Safe Patient Handling and Movement: A Guide for Nurses and Other Health Care Providers. Nelson AL, ed., NY: Springer Publishing Company, Inc., 2006 Jan; :3-26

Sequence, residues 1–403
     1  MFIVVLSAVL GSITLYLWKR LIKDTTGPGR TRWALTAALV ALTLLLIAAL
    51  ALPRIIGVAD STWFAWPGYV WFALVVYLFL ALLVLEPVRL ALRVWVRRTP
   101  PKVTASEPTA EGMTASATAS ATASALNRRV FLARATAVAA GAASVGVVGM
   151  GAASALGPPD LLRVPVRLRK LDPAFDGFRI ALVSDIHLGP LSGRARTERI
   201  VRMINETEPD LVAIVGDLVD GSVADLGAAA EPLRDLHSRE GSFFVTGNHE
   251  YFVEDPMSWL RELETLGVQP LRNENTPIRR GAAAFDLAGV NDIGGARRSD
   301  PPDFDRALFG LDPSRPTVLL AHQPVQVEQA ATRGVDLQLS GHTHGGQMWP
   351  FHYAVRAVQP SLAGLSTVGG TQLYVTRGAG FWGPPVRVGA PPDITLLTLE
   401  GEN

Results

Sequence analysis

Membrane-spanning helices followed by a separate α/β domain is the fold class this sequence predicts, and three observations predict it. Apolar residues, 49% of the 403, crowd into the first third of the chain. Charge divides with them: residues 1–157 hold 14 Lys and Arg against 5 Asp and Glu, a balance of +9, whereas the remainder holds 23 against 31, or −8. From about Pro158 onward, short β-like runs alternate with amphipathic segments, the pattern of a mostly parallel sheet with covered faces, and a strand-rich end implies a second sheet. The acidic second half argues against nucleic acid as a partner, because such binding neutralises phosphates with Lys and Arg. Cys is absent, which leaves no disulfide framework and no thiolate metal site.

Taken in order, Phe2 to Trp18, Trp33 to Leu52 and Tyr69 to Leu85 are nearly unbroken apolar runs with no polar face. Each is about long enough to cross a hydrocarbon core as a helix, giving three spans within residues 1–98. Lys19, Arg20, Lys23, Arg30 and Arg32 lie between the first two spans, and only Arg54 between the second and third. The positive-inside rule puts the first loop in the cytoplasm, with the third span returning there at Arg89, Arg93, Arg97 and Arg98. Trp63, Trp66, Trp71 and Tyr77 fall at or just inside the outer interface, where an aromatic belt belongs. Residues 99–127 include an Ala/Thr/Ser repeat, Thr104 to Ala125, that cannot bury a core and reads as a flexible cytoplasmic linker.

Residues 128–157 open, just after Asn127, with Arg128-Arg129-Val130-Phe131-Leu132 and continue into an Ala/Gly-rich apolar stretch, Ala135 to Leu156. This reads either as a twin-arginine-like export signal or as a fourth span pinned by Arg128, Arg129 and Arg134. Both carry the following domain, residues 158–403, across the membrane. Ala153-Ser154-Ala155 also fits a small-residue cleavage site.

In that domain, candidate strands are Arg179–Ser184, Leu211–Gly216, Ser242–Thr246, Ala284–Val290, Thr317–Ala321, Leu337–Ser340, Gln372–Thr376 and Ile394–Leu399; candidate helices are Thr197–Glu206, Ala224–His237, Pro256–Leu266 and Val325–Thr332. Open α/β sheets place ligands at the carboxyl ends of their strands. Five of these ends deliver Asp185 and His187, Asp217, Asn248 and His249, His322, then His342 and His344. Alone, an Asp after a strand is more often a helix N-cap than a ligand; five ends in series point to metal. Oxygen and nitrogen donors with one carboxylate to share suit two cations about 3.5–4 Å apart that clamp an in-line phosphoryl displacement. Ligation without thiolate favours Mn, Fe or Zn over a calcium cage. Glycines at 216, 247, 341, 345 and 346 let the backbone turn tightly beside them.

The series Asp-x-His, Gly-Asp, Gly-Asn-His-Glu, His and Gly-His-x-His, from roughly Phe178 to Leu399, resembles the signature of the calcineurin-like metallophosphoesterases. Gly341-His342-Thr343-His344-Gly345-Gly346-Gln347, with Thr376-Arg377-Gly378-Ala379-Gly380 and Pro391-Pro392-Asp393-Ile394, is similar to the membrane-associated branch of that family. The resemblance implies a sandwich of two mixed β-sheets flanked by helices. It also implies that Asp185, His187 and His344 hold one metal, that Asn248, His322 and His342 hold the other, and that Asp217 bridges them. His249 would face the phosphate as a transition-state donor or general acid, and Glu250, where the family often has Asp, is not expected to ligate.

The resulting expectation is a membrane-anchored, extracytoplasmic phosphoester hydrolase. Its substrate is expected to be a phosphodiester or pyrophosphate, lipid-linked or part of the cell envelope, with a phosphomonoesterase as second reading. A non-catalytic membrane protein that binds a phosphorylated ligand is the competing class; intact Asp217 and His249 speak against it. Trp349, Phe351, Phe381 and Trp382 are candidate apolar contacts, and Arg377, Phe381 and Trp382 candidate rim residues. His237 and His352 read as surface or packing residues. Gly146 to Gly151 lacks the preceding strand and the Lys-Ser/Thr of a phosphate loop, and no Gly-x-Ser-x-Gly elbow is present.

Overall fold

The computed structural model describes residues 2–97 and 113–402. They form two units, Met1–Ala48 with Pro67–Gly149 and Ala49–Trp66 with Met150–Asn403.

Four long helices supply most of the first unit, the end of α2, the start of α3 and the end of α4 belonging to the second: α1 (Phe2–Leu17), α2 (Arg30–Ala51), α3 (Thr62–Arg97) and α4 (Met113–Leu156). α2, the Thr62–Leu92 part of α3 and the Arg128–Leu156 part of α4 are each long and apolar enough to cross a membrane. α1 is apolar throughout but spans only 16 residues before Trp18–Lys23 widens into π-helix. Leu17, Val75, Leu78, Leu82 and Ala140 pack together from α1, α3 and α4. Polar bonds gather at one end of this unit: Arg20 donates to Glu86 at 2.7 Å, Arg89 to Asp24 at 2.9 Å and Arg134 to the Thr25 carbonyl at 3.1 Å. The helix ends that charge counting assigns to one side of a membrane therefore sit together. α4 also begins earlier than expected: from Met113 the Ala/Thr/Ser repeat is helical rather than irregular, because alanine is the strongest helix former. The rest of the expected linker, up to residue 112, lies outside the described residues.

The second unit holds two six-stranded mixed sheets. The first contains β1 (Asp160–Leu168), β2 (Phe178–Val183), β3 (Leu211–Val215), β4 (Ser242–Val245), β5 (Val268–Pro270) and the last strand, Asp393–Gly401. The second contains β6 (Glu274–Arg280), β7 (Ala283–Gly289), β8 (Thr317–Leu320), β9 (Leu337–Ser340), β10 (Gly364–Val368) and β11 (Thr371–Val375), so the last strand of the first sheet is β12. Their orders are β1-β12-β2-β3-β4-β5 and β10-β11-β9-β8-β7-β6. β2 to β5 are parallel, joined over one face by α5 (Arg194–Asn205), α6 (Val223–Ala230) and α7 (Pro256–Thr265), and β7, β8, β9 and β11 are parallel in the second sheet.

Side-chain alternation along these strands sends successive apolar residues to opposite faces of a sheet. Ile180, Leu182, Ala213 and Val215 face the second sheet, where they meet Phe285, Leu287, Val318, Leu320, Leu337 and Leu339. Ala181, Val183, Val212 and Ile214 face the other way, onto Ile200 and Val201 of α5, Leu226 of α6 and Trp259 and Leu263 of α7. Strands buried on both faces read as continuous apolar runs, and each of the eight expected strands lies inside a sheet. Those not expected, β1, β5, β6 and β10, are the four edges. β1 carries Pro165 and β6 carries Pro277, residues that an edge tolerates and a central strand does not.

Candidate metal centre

Since most schools of nursing continue to teach manual patient handling methods, and nurses tend to practice what they were taught in school, a paradigm shift is necessary to change the way patients are lifted and transferred. Because nursing homes and hospitals are beginning to implement ergonomics programs on a widespread basis in the United States, some nursing personnel have modified their patient lifting work practices. With the collaborative assistance of the nursing licensure boards and schools of nursing, this book can be a stimulus for changing the way patient lifting and the biomechanics of lifting patients are taught to nursing students. Although musculoskeletal injury rates to nursing personnel vary by age, gender, length of employment, and job title, prevention strategies should provide protection for all nursing personnel regardless of age, height, or other pre-disposing factors. A body of research has been accumulating that supports a multi-faceted approach to reducing the risk of patient handling injuries to caregivers. Teaching professionals need to replace manual patient handling methods taught in outdated biomechanical classes with the SPHM principles presented in the following chapters. These principles include ergonomic assessments of patient handling activities, patient assessment and use of algorithms, redesigning patient lifting tasks by utilizing new patient handling technology, use of unit-based peer safety leaders, and administrative support in the context of a SPHM program. With a SPHM program, nursing care providers can enjoy the rewards of their work free from pain and injury.